After leaving the Museum we followed the Flanders’ Fields car trail. Using the booklet we had bought in the Museum and the special road signs we spent the afternoon following this trail which talk us to many of the battlefields and War cemeteries of the Flanders area. Neither the booklet nor the road signs were always clear but we with help of our satnav and Michelin France Atlas we managed. Destinations on the trail included the dressing station where Canadian Military Doctor is thought to have written his poignant poem:
In Flanders fields the poppies blow
Between the crosses, row on row,
That mark our place; and in the sky
The larks, still bravely singing, fly
Scarce heard amid the guns below.
We, also, visited the “York Trench” a recently excavated section of World War One trench and bunkers ironically now surrounded by industrial units. A particularly moving destination that we visited was the large Tyne Cot Cemetery near the village of Passchendaele. The rows upon rows of white headstones set on manicured lawns brought home the enormity of the sacrifice of so many young men.
We planned our tour of the Flanders Fields World War One Sites Tour so that returned to the Menin Gate in Ypres for the daily Last Post Ceremony which takes place at the huge Menin Gate every evening at 8pm. The police halt the traffic passing through the gate and 4 members of the local volunteer fire brigade sound the Last Post at 8pm precisely as they and their predecessors have done every night since 2 July 1928, apart from when the town was occupied by German forces during the 2nd World War. We parked our car in the town centre and walked to join the crowd for this short but moving ceremony. After the ceremony we spent some time looking at the memorial gate itself. This huge triumphal arch is inscribed with the names of 55,896 Commonwealth soldiers who were killed but have no known grave. It seems the Menin Gate memorial was actually found to be too small to record the names of all the missing Commonwealth soldiers and there are a further 34,948 missing soldiers inscribed on the memorial at Tyne Cot Cemetery. Ypres is a beautiful city architecturally although the World War aspect a little over commercialised with Flanders Fields “everything” including bars of chocolate with the poem printed on the wrapper.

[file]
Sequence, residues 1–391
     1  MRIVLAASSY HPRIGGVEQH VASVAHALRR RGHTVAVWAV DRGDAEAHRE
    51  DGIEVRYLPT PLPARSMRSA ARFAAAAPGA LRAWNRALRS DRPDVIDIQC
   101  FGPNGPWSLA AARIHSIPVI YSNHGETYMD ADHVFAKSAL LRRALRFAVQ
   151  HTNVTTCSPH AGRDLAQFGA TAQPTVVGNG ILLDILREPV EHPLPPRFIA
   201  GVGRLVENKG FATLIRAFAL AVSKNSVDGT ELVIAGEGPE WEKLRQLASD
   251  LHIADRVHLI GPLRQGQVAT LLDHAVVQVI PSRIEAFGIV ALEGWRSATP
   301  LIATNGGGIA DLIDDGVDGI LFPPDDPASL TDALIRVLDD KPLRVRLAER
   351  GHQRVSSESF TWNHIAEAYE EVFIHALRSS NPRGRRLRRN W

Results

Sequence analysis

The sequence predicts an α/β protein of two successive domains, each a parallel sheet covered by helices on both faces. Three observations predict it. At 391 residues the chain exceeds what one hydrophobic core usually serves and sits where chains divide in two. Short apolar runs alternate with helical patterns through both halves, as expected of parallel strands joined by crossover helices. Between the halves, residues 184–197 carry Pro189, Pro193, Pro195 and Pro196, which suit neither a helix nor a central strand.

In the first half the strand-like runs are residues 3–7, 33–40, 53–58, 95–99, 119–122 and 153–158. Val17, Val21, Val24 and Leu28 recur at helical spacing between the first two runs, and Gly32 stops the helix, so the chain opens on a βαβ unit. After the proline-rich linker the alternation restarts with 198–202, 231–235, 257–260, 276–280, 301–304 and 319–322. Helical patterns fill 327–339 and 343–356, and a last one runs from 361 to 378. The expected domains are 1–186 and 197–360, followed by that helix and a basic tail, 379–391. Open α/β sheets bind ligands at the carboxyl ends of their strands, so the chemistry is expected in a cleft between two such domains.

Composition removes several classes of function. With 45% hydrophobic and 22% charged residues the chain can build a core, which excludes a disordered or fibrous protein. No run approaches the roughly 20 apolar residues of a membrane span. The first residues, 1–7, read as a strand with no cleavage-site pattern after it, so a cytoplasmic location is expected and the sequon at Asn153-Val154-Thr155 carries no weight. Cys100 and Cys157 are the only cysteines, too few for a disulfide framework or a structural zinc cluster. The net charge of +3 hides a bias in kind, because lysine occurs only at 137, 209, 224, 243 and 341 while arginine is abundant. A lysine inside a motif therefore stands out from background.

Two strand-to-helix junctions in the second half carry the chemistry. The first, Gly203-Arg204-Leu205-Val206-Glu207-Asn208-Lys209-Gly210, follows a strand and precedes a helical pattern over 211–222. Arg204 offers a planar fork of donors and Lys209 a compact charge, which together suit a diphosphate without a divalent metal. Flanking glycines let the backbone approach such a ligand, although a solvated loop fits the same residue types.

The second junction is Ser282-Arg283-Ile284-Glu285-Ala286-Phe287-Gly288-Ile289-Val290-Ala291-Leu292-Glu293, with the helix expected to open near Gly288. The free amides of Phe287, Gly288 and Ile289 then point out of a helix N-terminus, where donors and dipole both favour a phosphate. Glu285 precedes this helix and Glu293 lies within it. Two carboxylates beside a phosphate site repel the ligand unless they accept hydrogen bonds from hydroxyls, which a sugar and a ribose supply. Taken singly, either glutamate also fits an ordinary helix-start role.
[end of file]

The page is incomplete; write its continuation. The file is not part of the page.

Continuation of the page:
On Saturday 27 August we talk Max to the vet in St Omer to have the have the necessary treatment and to have his Pet Passport completed ready for his return to the UK. Madame Bernadette, from Camping La Chaumiere, is a receptionist at this veterinary practice and arranges appointments for many of her pet-owning visitors. The vet spoke fluent English and was friendly and efficient.
We spent the rest of the morning looking around the city of St Omer including browsing the large outdoor market and the beautiful central Jardins Public (Public Gardens). During the afternoon we visited the pretty canal-side village of Watten. We, also, visited several supermarkets to buy approximately 50 bottles of Cidre de Normandie, doux. This is a favourite tipple of ours and we always bring home a large number of bottles to last us until our next visit to France!!
On morning of Sunday 28 August we left Camping La Chaumiere and travelled to St Omer. From there we joined the N943 to the Eurotunnel Terminal at Coquelles, near Calais. Our departure time was 10.50hrs and we arrived in time to get Max’s Pet Passport checked. On arriving at the Eurotunnel we followed the “animal paw” to the special Pet Check-In. There was parking outside this building but not for caravan outfits and we had to overhang 2 car spaces. Max’s passport was okay and so we moved on to the vehicle check. We parked in the departure waiting area and took it in turns to go into the terminal buildings to the loos. Our loading onto the train was uneventful and again our outfit was the only one in the coach. This short journey to the Eurotunnel Terminal was 42 miles.
We arrived back in the UK and drove smoothly out of the Eurotunnel terminal and onto the M20. When we reached the M25 turned west and negotiated it in a clockwise direction as we were visiting Cary’s Dad in Ruislip as we usually do. We made good time to Wyatts Covert Caravan Club site at Denham and arrived just after lunch time. The journey from the Eurotunnel Terminal had been102 miles. We spent a couple of days visiting Cary’s Dad and then on the morning of Tuesday 30 August continued home via the M40, M6 toll and M6. We arrived safely back in St Helens in the early evening. The last leg of our journey was 208 miles.
Total diesel consumption: 506.07 litres
Total mileage: 2174 miles
Total diesel costs: £609.72
Total nights away: 36 nights
Average diesel costs £0.28/mile
Average diesel costs per litre £1.196
Average miles per litre: 4.296miles
Average miles gallon: 19.53 miles
Header banner image credit to No machine-readable author provided. The Beagle~commonswiki assumed (based on copyright claims). [CC BY-SA 2.5 (https://creativecommons.org/licenses/by-sa/2.5)], via Wikimedia Commons.